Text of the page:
Defiant: Chapter Twenty Two

Greetings and happy November!  As promised last week, I’ve started NaNoWriMo.  We’ll see how it goes.  Last year, I decided to cut my effort short as I had too much going on with other parts of my life.  Work gets busy during this time, and although I don’t spend a lot more time there, I do spend a lot more of my creative energy.  So far, so good though!  I have over 8000 words heading into today’s writing times.

Let’s continue our read-through of Defiant, with Chapter Twenty-Two, which begins our thrilling conclusion to Aida’s journey.

Aida’s shadow stretched out before her as she strode along the path. She shivered though she wasn’t cold. She’d been cold seven years earlier when attacked but didn’t understand then it was fear.

Always remember to breathe.

The Kort army lay somewhere in front of her. Aida’s breathing pattern calmed her enough to get a better sense of them, making her grow anxious again. The cycle continued with each step, though she forced herself forward. Fear was part of the plan, and she did nothing to mask the emotion from the Kort Tengarper she knew waited for her.

Sienna and Luca made little noise behind her as they followed her toward her battle. They were frightened as well, and she felt them, but she focused on the Kort Warriors ahead. Ian was there, with the Kort army, basking in the glory of securing Aida’s arrival.

The Temple raised the alarm earlier in the morning and horns sounded behind them as they fled. They knew Aida was gone. She counted on the priests’ indecision to give her enough time to meet Cugat, and thus far, Captain Kyrra and her troops had not given chase. The Temple’s safety had improved with Aida’s departure, and she didn’t regret leaving.

The tall oaks of the woods around her opened ahead, and the presence of Kort soldiers and Warriors washed over her like the waves of the village lake during a storm. She paused for a moment to gather herself before stepping out of the cover, past the long shadows of the trees, and into the morning sunlight.

Three companies of Kort stood in formation ahead of her. Another set of troops under the Kort banner stood at the rear. She’d felt all of them as she approached, but seeing them was different. Aida almost lost control then. Her heart rose into her throat and her vision blurred. She inhaled sharply.

“This is going to work,” Sienna said from behind. The siblings’ job was to get Zara out of the way and back to the Temple when it was all over, whatever happened to Aida.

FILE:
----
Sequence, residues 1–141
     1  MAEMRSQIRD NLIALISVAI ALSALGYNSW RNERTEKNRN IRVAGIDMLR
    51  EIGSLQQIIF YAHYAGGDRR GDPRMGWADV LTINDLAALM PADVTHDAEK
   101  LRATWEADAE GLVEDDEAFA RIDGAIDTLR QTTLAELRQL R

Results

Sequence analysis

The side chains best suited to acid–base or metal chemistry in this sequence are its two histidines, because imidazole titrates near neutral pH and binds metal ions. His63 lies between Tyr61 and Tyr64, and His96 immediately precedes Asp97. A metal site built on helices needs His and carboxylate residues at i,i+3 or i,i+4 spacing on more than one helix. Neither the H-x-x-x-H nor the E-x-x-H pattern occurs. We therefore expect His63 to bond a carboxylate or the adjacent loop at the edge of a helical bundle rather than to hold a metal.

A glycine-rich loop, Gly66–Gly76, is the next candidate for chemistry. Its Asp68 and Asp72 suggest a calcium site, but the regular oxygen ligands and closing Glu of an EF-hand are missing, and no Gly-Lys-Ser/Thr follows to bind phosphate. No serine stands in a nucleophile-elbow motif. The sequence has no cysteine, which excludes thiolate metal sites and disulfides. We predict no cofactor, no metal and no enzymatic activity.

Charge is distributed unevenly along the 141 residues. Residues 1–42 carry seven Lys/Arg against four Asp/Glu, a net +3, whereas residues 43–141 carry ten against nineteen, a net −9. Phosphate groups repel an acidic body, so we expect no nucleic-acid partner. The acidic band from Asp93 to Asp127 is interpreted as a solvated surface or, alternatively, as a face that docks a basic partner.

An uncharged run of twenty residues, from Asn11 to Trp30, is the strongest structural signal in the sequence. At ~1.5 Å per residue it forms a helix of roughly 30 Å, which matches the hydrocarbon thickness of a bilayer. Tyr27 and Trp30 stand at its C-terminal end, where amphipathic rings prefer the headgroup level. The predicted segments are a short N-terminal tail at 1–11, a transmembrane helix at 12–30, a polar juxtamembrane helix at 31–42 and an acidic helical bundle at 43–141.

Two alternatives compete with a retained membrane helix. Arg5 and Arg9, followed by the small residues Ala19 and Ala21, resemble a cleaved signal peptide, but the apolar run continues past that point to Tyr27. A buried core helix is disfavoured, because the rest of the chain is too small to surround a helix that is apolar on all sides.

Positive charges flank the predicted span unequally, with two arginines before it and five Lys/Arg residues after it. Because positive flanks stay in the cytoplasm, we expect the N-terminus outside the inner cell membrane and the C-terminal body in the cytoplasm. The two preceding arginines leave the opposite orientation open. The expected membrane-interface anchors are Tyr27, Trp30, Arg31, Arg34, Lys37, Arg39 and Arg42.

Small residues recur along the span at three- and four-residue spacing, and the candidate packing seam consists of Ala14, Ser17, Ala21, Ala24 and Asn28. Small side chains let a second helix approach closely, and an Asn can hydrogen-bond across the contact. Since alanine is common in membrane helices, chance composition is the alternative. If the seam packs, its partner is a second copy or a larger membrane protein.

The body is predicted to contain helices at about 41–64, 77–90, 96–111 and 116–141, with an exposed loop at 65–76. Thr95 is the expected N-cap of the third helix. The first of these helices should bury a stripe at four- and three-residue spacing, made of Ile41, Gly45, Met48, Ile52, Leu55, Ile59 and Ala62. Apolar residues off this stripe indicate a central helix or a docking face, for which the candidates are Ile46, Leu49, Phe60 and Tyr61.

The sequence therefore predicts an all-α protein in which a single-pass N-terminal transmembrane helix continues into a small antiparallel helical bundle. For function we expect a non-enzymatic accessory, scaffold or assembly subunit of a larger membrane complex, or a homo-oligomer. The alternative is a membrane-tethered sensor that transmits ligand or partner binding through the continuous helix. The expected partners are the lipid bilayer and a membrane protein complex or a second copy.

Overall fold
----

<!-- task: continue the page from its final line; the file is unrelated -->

She sought out the Warriors in Cugat’s party. Ferran stood aggravated and in pain, and his remaining ikast, Chandi, remained angry. Kezia was confident and as she stood near Cugat and chatted with him. Her ikast waited silently to the side. Ian seemed anxious. Hinir remained still, impassive. And she still could not read Cugat.

Aida studied Cugat and his ikast. All were in full armor, but none expected a battle. The pomp and ceremony of an ikast ritual demanded preparation. Her father described it when she was younger. This type of thing normally happened at the stronghold, not in a field, and it was always a celebratory time.

This will be too. She intentionally took another breath, but allowed the anxiety to flow over the field and to the Tengarper.  Aida didn’t want them to know she was confident; that she had a plan.  The dagger pressed against her calf, but she let that thought go.

Zara stood next to Kezia and in front of two guards, arms crossed. She looked well, if annoyed. Whatever happened with Aida, Zara would be safe.

Aida closed her eyes and steadied herself. She reviewed in her mind some of the sword work she might need, reminding herself that she was a very strong Youth. The War of the Youth saw the slaughter of many masters because of Youth like her. The Youth were dangerous and powerful. Today would be another reason for those in the West not to train their children.

She opened her eyes and continued to walk. The Kort army’s excitement rose to meet her. Aida was dimly aware of the concern growing behind her.

Cugat smiled, but beside him, Zara yelled. “Run Aida! It isn’t worth it! Let them kill me!”

A soldier grabbed her roughly, but Cugat looked back over his shoulder. “Let her yell. This one isn’t leaving.”

Aida centered herself in front of the Warriors, at least fifty paces away. She didn’t need to allow her anxiety to swell; it did that on its own. It felt different this time though. She wouldn’t freeze like she had with Ferran, and she wouldn’t run like she had when she was eleven.

“Aida!” Cugat called. Although she couldn’t sense him, he radiated confidence. He was pleased with himself. His glance back told her he was showing off for the delegation. “I’m glad you finally see the wisdom in my proposal. Come, let us finish this quickly. Your friend can leave, and we can make our peace treaty with the city.”

Aida took three deep breaths, as was her plan. She focused on the feel of the dagger on her leg and the weight of her sword on her hip. “You will let my friend go, and then I will challenge you to the ritual duel.”